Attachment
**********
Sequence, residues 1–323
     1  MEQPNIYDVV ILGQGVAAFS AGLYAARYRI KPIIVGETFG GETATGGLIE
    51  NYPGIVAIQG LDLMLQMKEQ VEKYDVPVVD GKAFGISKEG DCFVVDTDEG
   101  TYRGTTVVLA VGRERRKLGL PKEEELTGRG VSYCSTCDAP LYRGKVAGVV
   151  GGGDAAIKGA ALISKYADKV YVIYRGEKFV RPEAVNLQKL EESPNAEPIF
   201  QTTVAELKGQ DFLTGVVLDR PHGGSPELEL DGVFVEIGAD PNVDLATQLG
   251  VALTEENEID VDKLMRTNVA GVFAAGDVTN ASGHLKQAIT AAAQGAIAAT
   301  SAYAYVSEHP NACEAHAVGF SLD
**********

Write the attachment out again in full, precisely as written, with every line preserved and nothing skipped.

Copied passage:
Sequence, residues 1–323
     1  MEQPNIYDVV ILGQGVAAFS AGLYAARYRI KPIIVGETFG GETATGGLIE
    51  NYPGIVAIQG LDLMLQMKEQ VEKYDVPVVD GKAFGISKEG DCFVVDTDEG
   101  TYRGTTVVLA VGRERRKLGL PKEEELTGRG VSYCSTCDAP LYRGKVAGVV
   151  GGGDAAIKGA ALISKYADKV YVIYRGEKFV RPEAVNLQKL EESPNAEPIF
   201  QTTVAELKGQ DFLTGVVLDR PHGGSPELEL DGVFVEIGAD PNVDLATQLG
   251  VALTEENEID VDKLMRTNVA GVFAAGDVTN ASGHLKQAIT AAAQGAIAAT
   301  SAYAYVSEHP NACEAHAVGF SLD